Pacers small icon 25. Pacers (34-45, LW 25). The Pacers looked like a playoff team up until the mid-January night when Tyrese Haliburton was injured. Indiana is 6-17 in the games Haliburton missed (they are .500 with him) and it speaks to the need to add scoring and depth around him and Myles Turner (who had a strong season and signed an extension to stay in Indiana). Bennedict Mathurin had a strong rookie campaign (he will make an All-Rookie team) and should be part of whatever is being built in Indy.

Blazers small icon 26. Trail Blazers (33-46, LW 27). Missing the playoffs in a season that Damian Lillard played at an All-NBA level has raised eyebrows around the league, but Lillard is not asking out. Instead, look for the Trail Blazers’ first instinct to be to swing big this offseason (they have draft picks and good young players such as Shaedon Sharpe and Anfernee Simons they could throw in a trade for a star), but they need size (particularly in the backcourt), defense and more shooting. It’s a lot to upgrade. When everyone sits down and looks at a path forward, what do they see?

Hornets small icon 27. Hornets (26-54, LW 26). A disappointing season that started last summer when Miles Bridges got into legal trouble around that (rightfully) led to him missing this entire season. Throw in some LaMelo Ball ankle injuries (he only played 36 games) and the Hornets just couldn’t get any traction on this season — they are last in the league in offensive rating. On the right side, Steve Clifford got them defending, Ball will be back and the offense will pick up, they will add a lottery-pick player, and there’s real reason to be optimistic the Hornets can take a step forward next season. Especially under new ownership.

Rockets small icon 28. Rockets (20-60, LW 29). Expect bold moves out of Houston this offseason — they have good young talent ready to make a leap and an organization tired of losing and missing the playoffs. There have been plenty of James Harden returns rumors flying around the league this season, but if it’s not him it could be other top free agents as the Rockets have cap space and are looking to spend. Jabari Smith Jr. improved as the season went on (14.3 points per game after the All-Star break), Jalen Green and Kevin Porter Jr. continue to show great flashes, Alpren Şengün took a step forward and will be part of what is being built, they will add another lottery pick, throw in a quality free agent or two and this team could be in the postseason next year.

Spurs small icon 29. Spurs (20-59, LW 28). There were bright spots for the Spurs. Keldon Johnson and Devin Vassell looked good for stretches that they played. Jeremy Sochan, the No.9 pick from last year’s draft, looked like a player who could be part of what is being built in San Antonio. This is a long rebuilding process for a proud franchise, but one that could get a big boost of the lottery gods smile on them this season.

Pistons small icon 30. Pistons (16-63, LW 30). Detroit entered the season with dreams of competing for a play-in spot, but the second that Cade Cunningham went down a dozen games into the season, the calculus changed. However, it will not change next season — they extended Bojan Bogdanovic (and did not trade him), a sign they plan to compete next season. With those two plus the athleticism of Jaden Ivey (who looked better and better as the season went on), Killian Hayes, and a frontcourt with Isaiah Stewart and maybe James Wiseman (at the right price), this team is ready to compete next season — especially with a high lottery pick added to the mix.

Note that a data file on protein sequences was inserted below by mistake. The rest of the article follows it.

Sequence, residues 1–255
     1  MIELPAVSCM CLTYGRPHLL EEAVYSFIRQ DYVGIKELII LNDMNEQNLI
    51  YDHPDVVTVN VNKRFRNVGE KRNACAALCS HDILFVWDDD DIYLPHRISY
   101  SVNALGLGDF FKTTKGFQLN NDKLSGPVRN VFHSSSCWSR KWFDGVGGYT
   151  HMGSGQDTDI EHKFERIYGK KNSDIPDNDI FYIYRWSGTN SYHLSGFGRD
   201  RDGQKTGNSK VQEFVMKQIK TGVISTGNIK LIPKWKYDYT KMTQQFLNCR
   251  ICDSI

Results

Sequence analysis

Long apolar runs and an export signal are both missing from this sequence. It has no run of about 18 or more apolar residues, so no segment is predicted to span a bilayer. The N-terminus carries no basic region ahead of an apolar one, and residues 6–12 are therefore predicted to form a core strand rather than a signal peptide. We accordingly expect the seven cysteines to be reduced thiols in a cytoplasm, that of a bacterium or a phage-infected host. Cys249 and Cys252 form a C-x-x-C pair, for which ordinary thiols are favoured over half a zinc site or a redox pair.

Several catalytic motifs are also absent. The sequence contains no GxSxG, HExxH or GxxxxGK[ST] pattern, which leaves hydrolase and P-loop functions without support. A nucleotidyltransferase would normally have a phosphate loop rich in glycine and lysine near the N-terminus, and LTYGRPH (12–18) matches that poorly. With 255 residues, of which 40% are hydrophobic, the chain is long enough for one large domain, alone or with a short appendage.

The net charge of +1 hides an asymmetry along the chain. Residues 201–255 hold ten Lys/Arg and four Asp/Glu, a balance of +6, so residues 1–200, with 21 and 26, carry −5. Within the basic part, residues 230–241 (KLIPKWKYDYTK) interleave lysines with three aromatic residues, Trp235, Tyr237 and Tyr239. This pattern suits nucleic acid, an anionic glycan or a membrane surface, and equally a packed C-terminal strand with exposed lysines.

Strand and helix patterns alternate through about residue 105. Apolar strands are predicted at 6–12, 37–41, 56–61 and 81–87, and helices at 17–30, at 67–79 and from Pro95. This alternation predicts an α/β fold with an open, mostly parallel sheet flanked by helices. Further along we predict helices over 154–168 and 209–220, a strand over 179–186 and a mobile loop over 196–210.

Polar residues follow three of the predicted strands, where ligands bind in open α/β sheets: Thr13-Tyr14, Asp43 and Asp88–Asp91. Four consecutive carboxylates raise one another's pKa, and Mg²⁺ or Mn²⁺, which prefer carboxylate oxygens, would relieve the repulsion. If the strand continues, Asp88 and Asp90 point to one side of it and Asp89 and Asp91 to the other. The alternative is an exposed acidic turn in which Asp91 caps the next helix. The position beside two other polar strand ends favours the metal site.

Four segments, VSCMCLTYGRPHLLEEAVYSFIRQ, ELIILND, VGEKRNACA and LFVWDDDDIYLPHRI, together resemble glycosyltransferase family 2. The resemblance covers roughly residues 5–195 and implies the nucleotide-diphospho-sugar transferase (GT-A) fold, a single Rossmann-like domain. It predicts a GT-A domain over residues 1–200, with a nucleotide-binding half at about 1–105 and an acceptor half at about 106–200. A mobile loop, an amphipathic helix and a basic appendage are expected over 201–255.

Paul George says he was almost a Cavalier with LeBron in 2017


In the summer of 2017, the Indiana Pacers traded Paul George to the Thunder, and Kyrie Irving asked to be traded and left LeBron James and the Cleveland Cavaliers.

However, in an alternate universe, George, LeBron and Irving were all teammates — and it almost happened in this universe, George said on his Podcast P with Paul George podcast (hat tip Yahoo Sports).

“I thought I was gonna go to Cleveland. Cleveland was close to getting me with’ Bron there…

“I’m chopping it up with’ Bron, like ‘Yo, how can we make this work?’ We’re trying to figure it out; he’s going back to [Cavs management], telling them how to get me. So I’m thinking like, ‘Oh, OK, we might make this happen. I might be with’ Bron over here in Cleveland.’…

“It fell through ’cause Cleveland and Indiana are in the same division.”

George added that the Celtics, Spurs and Raptors were also in the mix for his services. He ended up going to Oklahoma City, and eventually on to the Los Angeles Clippers.

A couple of weeks after the George deal fell through, Irving was pushing his way out of Cleveland (and after that LeBron was destined to move on eventually). If the Cavaliers had gotten George would Irving have wanted to stay? Good luck predicting what Irving was thinking or might have done, but if he felt he wasn’t getting enough sunshine in the shadow of LeBron, adding George to the roster would not help that issue.

George and LeBron’s teams square off in a huge matchup with playoff implications this Wednesday. Unfortunately, George will watch this one in street clothes due to a sprained knee.